Last updated on 10th March, 2021

Endometriosis is an oestrogen-dependent medical condition where body tissues outside of the womb behave like the tissues inside of the womb. These tissues thicken and break down, but can’t escape the body, causing painful deposits around the pelvic area.

According to Endometriosis UK, the condition affects one in 10 people in the UK. While typically a life-long condition, symptoms of endometriosis can be managed. As well as medical treatments, like surgery and hormone treatment, certain lifestyle and diet changes can be beneficial.

On this page, we'll explore endometriosis in more depth and discuss how lifestyle changes and dietary support can help with symptom management.

What is endometriosis?

Endometriosis is considered a chronic, inflammatory condition that causes cells similar to the ones in the lining of the uterus to develop elsewhere in the body, causing tissue. Typically this affects areas surrounding the womb but, in rare cases, it can occur in other areas of the body like the spine. 

These tissues thicken and break down, but can’t leave the body like the tissues in the uterus do through a period, so they remain in the body leading to pain, inflammation, the formation of scar tissue and potential fertility problems. The causes of endometriosis are not fully understood, but this is the most widely accepted theory. This does not, however, explain why some experience the condition after a hysterectomy.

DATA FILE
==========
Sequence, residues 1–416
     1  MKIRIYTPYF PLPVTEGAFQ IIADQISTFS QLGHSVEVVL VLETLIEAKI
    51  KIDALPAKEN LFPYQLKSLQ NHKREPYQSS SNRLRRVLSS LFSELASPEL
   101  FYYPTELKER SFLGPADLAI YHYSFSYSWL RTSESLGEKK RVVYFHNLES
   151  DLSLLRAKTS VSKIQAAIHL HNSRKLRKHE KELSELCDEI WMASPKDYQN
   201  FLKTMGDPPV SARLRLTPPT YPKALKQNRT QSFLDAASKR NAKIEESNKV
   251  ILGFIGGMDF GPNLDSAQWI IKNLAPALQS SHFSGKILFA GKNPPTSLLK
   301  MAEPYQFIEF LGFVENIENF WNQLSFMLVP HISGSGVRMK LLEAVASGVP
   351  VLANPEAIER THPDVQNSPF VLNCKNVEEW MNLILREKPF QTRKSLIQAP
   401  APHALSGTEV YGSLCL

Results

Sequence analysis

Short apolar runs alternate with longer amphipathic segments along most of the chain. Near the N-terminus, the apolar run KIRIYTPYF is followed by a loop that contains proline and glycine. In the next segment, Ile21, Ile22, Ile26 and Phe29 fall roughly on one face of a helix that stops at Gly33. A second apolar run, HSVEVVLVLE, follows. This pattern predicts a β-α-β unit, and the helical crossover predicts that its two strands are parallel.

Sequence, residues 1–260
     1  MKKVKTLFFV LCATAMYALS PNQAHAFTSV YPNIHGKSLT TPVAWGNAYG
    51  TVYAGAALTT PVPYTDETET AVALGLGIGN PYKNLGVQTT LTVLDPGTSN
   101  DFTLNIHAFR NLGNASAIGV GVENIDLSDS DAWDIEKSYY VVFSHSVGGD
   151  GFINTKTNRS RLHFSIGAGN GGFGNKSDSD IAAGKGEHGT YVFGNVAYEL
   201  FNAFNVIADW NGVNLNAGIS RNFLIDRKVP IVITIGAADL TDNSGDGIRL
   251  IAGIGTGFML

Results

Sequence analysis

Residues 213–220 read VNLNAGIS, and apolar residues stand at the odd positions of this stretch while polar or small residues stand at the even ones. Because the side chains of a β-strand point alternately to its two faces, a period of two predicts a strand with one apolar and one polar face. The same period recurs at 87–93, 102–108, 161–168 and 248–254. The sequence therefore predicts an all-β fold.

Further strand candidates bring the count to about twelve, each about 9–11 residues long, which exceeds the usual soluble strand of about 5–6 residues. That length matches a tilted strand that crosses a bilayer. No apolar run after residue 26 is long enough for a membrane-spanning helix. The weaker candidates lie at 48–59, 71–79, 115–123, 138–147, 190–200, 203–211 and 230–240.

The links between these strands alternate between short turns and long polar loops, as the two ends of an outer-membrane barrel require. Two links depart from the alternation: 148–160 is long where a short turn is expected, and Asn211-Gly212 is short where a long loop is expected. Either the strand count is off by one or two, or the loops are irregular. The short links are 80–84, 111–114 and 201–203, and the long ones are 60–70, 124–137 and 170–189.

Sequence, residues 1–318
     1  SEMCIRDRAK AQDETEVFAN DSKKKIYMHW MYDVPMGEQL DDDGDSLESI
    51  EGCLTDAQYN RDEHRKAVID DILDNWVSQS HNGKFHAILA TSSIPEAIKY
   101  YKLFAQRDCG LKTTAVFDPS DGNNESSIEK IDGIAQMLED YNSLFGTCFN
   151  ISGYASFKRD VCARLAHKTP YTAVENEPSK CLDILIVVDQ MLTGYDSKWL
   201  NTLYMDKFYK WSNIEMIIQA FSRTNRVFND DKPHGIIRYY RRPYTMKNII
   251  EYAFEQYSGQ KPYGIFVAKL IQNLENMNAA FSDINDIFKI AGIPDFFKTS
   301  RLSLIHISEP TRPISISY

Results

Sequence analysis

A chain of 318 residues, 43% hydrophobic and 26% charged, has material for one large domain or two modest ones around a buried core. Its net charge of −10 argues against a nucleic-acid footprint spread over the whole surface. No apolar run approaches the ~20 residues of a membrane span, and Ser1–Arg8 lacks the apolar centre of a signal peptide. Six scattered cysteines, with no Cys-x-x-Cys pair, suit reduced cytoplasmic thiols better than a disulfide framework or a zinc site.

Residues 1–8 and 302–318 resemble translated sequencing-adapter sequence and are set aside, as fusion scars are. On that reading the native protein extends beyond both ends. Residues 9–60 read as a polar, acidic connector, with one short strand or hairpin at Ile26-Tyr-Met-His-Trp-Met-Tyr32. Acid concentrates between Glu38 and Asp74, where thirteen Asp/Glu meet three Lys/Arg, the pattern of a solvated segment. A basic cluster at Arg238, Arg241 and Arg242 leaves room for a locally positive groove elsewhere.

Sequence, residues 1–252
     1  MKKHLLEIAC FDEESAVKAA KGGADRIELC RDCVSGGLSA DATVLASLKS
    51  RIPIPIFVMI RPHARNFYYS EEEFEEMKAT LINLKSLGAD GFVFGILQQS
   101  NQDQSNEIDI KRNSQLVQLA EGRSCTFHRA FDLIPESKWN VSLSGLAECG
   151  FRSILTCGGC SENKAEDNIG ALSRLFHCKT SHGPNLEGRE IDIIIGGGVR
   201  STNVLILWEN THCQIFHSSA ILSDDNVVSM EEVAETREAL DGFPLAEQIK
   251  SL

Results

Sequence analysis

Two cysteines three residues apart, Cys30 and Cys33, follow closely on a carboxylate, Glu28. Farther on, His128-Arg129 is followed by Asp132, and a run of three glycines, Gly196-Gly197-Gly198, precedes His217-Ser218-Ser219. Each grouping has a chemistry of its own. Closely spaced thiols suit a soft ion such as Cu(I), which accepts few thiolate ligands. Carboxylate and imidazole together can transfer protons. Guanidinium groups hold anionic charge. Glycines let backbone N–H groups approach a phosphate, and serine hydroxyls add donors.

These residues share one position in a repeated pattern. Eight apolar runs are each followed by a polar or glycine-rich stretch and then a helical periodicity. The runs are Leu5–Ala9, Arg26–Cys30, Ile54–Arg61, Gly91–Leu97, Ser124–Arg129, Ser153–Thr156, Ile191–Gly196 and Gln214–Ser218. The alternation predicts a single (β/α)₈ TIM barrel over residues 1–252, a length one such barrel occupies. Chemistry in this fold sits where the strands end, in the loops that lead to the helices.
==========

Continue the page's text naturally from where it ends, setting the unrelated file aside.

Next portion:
Hormones certainly play a part - endometriosis is rare in people who have been through the menopause and so have less oestrogen in their bodies. Oestrogen is a hormone that, when an egg isn’t fertilised after ovulation, normally causes the womb lining to thicken and then break down. It's thought that, in endometriosis, oestrogen has the same effect on these womb lining-like tissues that are outside of the womb, leading to symptoms.

Endometriosis symptoms

Symptoms can vary significantly from person to person and for some, the symptoms can even go unnoticed. The most common endometriosis symptoms include:

  • painful and/or heavy periods
  • pain during/after sex
  • pain in the pelvis, lower back and/or lower abdomen
  • bleeding between periods
  • conception difficulties

Many of the above are also often noted alongside fatigue and a general lack of energy. Understandably, these symptoms can impact general health and well-being, leading to stress and depression for some.

If you suspect you have endometriosis, it’s important to get a formal diagnosis from your doctor. Once your doctor has confirmed the condition, you will be able to explore treatments.

Treatment options